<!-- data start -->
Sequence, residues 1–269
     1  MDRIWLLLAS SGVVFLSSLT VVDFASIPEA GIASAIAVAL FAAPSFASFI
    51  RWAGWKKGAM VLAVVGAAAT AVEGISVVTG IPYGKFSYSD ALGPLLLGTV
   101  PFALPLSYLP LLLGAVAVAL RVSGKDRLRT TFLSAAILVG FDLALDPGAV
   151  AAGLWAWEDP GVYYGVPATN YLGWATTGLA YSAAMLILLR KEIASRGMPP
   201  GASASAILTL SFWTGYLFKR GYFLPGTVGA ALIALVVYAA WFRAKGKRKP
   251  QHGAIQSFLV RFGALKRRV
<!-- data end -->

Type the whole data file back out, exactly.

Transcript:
Sequence, residues 1–269
     1  MDRIWLLLAS SGVVFLSSLT VVDFASIPEA GIASAIAVAL FAAPSFASFI
    51  RWAGWKKGAM VLAVVGAAAT AVEGISVVTG IPYGKFSYSD ALGPLLLGTV
   101  PFALPLSYLP LLLGAVAVAL RVSGKDRLRT TFLSAAILVG FDLALDPGAV
   151  AAGLWAWEDP GVYYGVPATN YLGWATTGLA YSAAMLILLR KEIASRGMPP
   201  GASASAILTL SFWTGYLFKR GYFLPGTVGA ALIALVVYAA WFRAKGKRKP
   251  QHGAIQSFLV RFGALKRRV